Caution: Fiddle leaf fig is toxic to both humans and animals. Do not ingest or let your pets chew on it.
11. Yucca (Yucca elephantipes)
This drought tolerant plant is not only great at adding a desert look to your room but also good at indoor air filtration.
Yucca is an easy to care drought resistant plant which need watering only when the soil is dry.
Additionally, this plant is tolerable to a wide range of soils including; clay, loamy, sandy, acidic, and alkaline.
Just ensure that the soil is well drained. Keep these plants at places with enough sunlight and they won’t let you down.
Caution: Yucca is toxic to animals, keep away from pets.
12. Jade Plant (Crassula argentea)
Jade plants are both trees and succulents with ability to purify air in your room.
These large indoor plants easily grow in pots provided that the soil is kept moist. (Only water when the soil is very dry)
Also, the plants can adopt to different light conditions hence you can place them anywhere in rooms.
Moreover, jade plants can tolerate sandy, acidic, slightly alkaline and loamy soils. The soil however, should be fast- draining as these plants hate sitting on water.
Feed your plants with a weak solution of liquid fertiliser once a month during the growing season to maintain their vigor.
Caution: It is important to note that the plant is toxic to pets especially cats and dogs therefore, avoid interactions between the two.
13. Umbrella Plant (Schefflera arboricola) Dwarf
Umbrella plant is an attractive tropical large indoor plant shrub with glossy leaflets that spiral out like spokes on a wheel.
It is a very easy to care house plant that requires bright - indirect sunlight and minimal watering. (water only when the top of soil feels dry).
You can learn more on how to water potted plants.
These indoor plants are great at filtering indoor pollution. Schefflera plants are fast growers and work really hard during the growing season.
Therefore, fertilize your plants on a weekly basis from early spring through summer.
Don’t fertilize in the fall and winter since your plants need some time to rest.
Caution: Umbrella plant is poisonous to humans and pets, therefore be careful with this beautiful indoor plant!
14. Kentia Palm (Howea forsteriana)
Want an elegance and exotic tropical look indoors? Well, go for kentia palm!
This indoor plant is adaptable to a wide range of soils (clay, sand, loam, slightly alkaline, acidic, well-drained) and is considered to be moderately drought tolerant.
Therefore, only water when the soil feels dry.
However, they do not tolerate severe dryness or continual over-watering, especially during the winter.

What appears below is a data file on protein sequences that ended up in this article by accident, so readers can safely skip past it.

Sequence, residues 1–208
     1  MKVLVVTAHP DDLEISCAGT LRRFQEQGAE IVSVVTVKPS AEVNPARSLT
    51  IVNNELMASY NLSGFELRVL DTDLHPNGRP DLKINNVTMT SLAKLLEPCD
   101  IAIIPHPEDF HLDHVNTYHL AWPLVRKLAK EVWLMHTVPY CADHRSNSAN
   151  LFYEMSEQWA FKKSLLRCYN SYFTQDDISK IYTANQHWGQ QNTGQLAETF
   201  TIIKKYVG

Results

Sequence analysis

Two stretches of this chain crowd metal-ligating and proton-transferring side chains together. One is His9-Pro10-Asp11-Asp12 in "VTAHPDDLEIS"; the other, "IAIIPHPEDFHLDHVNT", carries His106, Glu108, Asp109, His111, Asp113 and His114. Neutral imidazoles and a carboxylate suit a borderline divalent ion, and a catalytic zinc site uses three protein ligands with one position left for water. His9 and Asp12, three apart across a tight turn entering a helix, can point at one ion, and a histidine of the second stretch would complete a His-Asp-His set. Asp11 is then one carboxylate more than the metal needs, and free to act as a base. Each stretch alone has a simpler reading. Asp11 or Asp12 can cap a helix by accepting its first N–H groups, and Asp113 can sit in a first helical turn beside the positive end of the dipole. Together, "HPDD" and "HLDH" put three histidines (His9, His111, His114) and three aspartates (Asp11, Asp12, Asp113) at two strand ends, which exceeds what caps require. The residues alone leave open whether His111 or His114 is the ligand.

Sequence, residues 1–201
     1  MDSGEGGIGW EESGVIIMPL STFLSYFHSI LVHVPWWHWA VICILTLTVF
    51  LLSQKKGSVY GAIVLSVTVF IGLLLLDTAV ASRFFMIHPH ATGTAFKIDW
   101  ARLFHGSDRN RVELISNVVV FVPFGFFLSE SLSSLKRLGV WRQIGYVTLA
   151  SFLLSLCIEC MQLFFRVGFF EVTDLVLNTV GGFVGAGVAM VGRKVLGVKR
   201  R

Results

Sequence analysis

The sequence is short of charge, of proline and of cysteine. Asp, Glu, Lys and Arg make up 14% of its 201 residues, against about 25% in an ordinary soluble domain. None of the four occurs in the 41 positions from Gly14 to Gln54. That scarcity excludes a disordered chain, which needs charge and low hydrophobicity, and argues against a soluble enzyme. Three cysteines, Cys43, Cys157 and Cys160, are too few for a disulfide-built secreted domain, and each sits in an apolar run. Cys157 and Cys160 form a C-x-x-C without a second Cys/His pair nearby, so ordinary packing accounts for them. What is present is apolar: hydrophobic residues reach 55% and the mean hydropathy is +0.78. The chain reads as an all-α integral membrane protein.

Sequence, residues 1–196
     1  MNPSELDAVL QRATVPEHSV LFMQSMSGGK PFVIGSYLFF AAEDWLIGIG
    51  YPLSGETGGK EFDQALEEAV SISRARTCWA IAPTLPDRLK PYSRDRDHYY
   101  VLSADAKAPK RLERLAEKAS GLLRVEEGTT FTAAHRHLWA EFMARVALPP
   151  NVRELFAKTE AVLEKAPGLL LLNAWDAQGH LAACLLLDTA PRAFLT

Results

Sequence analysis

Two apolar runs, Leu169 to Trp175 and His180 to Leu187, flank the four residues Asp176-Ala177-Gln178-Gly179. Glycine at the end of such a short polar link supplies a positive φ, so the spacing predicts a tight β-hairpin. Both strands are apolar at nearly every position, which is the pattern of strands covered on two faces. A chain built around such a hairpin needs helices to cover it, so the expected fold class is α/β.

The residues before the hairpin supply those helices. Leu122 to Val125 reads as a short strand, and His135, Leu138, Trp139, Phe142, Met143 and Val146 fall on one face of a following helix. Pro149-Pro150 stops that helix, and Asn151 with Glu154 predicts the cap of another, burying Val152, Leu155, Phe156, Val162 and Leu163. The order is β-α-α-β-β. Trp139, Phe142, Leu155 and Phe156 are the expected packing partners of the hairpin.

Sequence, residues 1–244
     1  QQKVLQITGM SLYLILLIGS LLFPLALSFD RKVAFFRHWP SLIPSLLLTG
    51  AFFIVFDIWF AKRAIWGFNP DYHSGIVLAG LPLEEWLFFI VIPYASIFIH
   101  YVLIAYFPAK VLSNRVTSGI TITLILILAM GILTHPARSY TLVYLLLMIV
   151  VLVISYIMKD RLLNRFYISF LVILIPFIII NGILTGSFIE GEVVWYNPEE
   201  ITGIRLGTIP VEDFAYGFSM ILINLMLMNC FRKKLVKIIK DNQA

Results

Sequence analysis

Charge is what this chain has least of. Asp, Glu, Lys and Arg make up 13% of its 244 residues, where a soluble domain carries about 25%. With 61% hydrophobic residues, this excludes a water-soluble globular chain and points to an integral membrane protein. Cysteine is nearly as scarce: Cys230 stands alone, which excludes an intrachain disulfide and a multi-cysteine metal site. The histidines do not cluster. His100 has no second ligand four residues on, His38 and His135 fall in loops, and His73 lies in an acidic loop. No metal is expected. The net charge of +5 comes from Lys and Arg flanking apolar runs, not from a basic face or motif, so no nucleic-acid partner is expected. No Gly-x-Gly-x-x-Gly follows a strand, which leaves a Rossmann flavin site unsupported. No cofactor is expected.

Kentia palm prefers bright light but it’s also low- light tolerance.
15. Money Tree (Pachira aquatica)
With its twisted trunk and sprawling leaves, money tree definitely brings beauty to your home.
This unique and lovely indoor plant loves medium to bright indirect sunlight and little watering (most preferably once a week or when the top of soil is dry)
Use well-draining sand, peat-based soil for best performance. Loves humidity and can be place near a bathroom.
Feed your money tree monthly in spring and summer when it is actively producing new leaves. You can use a general houseplant food diluted by half.
Also fertilize the plant every second month during autumn and winter if the plant produces new leaves.
Though not proven, money tree is said to bring good luck for finances and maybe this might be just what you need!
Note: Money tree will not harm your pets since it is non -toxic to humans, cats, and dogs.
16. Parlor Palm (Chamaedorea Elegans)
Image Credit: Bloomscape.com
Parlor palms are easy to grow houseplants with low light and water requirements.
Additionally, parlor palms are easily affordable as compared to other palms. Plant your palm in a tall container with a well-drained potting soil for best performance.
Keep your plant healthy by feeding them once every two weeks during the growing season with a liquid fertilizer or fish emulsion.
Pro tip: When applying a fertilizer use half as much as the directions suggests to avoid salt build-up.
Note: This indoor plant is non-toxic for animals and humans.
17. Calamondin Orange Tree (Citrus Mitis)
This evergreen indoor tree species produces edible fruits and adds a good lemon fragrance to your home.
Though the calamondin fruits are very acidic and hard to digest, their color adds an amazing touch of beauty to any household.